Latest Headlines More Headlines News Archive E-Zines Committee Meeting Minutes Bylaws of the Wildwater Committee Subscribe to E-Zine Article Submission Guidelines ICF Rules ICF Rules - 2008 Update Resources for Event Directors
2016 Wildwater Calendar Archives
Want Ads Vendors Reviews & Repairs
USA Wildwater USA Canoe/Kayak Coaches/Mentors
Current Team Members Former Team Members/Athletes
   USAWildwater.com    your source for the best in downriver action!

   

USAWildwater News: Information is power.

This news service is free! Sign up now for free email updates from our news desk.

2006 Kern River Wildwater Race

A perfect level for racing

by Ed Gordon
e_d_g_1@sbcglobal.net

April 19, 2006 -- Kernsville, CA

Inspecting the roof rack, it was obvious that great care had gone into securing the load. The dissimilar and ill-fitting shapes of wildwater C-1, wildwater K-1, and slalom C-1 had been carefully mated, and each boat had been tightly strapped and lashed to the rack. The problem, of course, was that neither the boats nor the rack were on the car. Instead, they were in the sagebrush on the side of highway 395, flung there when the sustained 40 mile per hour cross-winds spilling off the east slope of the Sierra Nevada mountains proved too much for the plastic Yakima rack towers. It was humanly impossible to lift even a single boat onto the roof, let alone secure all three in the gale force winds. After one especially fierce gust lofted me into a barbed wire fence, I made the reluctant decision to abandon the boats until the winds died down. With a deep sigh, I tied the boats to a fence pole and drove away down the road towards Lone Pine.

But before the drama, there was the racing. The 42nd annual Kern River Festival wildwater race was held on a shortened version of the 2003 team trials course running from the KR 3 power plant through the Kernville park. The same wintery spring that had made training so challenging pumped the Kern up to 2,200 CFS on race day, providing a perfect level for racing. Although the 500 CFS diverted at Fairview Dam made the centerpiece Powerhouse Rapid too bony for competition, the two major rapids on the course, Big Daddy and Ewing’s, had sharp, pushy wave trains and inconveniently placed rocks and eddies that proved capable of causing spin outs, flips, and swims during training runs. The rest of the course consisted of continuous chop and smaller waves, with two long, flat pools testing the racers tolerance for suffering.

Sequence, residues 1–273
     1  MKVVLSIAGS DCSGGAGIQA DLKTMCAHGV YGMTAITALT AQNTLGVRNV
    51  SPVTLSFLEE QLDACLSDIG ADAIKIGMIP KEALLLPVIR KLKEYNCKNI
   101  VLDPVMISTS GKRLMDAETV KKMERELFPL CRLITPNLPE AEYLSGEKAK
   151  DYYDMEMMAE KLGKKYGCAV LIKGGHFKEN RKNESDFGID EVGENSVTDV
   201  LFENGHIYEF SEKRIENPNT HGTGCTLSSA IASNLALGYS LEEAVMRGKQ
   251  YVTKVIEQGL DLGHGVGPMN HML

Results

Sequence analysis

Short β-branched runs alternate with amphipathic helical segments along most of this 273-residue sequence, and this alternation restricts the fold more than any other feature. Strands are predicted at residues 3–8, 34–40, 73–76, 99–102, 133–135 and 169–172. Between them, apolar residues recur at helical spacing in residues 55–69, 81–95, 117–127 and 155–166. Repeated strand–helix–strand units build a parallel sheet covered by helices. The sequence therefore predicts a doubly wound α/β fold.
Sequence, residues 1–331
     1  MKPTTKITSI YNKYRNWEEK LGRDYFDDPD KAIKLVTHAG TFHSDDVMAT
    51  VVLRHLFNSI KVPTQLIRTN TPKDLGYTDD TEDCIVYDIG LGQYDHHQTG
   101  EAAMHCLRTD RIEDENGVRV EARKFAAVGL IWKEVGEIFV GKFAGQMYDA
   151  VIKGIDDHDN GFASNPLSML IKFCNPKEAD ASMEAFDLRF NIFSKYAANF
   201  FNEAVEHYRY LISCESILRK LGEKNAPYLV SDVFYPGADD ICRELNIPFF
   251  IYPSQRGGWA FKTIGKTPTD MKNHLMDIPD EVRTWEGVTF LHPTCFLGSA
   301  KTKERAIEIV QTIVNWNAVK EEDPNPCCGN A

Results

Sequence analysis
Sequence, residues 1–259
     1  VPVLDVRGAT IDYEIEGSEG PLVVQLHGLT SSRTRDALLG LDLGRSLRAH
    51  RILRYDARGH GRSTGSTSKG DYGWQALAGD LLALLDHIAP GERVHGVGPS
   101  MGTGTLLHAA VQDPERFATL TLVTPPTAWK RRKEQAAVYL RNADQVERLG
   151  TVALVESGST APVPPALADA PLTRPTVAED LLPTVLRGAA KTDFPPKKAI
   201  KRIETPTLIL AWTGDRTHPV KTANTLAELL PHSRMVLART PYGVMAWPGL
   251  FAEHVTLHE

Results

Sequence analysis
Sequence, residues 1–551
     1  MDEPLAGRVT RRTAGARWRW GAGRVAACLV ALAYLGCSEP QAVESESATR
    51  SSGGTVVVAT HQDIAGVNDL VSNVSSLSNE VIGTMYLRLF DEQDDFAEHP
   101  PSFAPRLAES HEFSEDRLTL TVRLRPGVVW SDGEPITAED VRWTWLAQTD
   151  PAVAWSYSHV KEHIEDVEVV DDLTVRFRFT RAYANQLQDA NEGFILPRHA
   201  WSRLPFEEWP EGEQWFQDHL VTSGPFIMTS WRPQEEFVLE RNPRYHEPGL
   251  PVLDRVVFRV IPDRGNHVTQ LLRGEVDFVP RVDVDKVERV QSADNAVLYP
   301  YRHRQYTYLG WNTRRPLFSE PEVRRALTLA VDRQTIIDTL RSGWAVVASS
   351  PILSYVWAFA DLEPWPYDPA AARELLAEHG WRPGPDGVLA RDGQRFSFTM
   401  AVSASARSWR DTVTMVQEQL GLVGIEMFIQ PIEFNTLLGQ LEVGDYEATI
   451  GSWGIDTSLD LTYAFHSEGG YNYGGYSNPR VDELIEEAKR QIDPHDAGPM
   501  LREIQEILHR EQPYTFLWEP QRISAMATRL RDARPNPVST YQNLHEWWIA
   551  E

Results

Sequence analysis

Work and family commitments prevented long time Kern River wildwater boosters Tom Moore and Katherine Edmonson from participating as racers. Their absence was compensated for by slalom olympians and proprietors of the soon-to-be open Kern River Brewing Company, Eric and Rebecca Giddens. Eric set the standard for the day with a blistering run of 11:11. Keeping the podium in the family, Rebecca followed as first K-1W and second place overall with a 12:00. Ed Gordon arrived at the finish as first (and only C-1) in third place overall in 12:35. Despite a stern hit that added even more “character” to one of the gaudiest Esox’s Dagger ever made, Charles Albright followed seconds behind in 12:39 as first masters K-1 and fourth place overall. Former 2003 world cup team member Marci Cary used the Kern races to mark her return to competition. Hobbled by limited training due to the long, cold Durango winter, and unused to a new wildwater boat, Marci toured the course in her slalom boat, finishing within a respectable percentage of the leaders. Behind the composite racers, a variety of competitors in Tupperware ranging from aging Perception Pirouettes to a Jackson Fun 2 pushed their way down the course. As they encountered the flats, they surely would have understood John Brennan’s admonition that “short, fat, and flat bottomed is no way to go through life.”

Hours after the rack collapse, Charles Albright was making his way home. His keen eyes spotted the familiar shapes of wildwater boats along the road. The initial, “I wonder whose boats those are?” was quickly followed by, “Hey, That’s MY boat!” as he spied his wildwater K-1 in the weeds. Demonstrating that age and skill will always prevail, Charles somehow managed to secure not only his boat, but also my two boats to the SIX boats already on his racks, and made his way 300 plus miles safely home through gusting winds, driving snow and icy roads.

Race Results...

   
 
© USAWildwater.com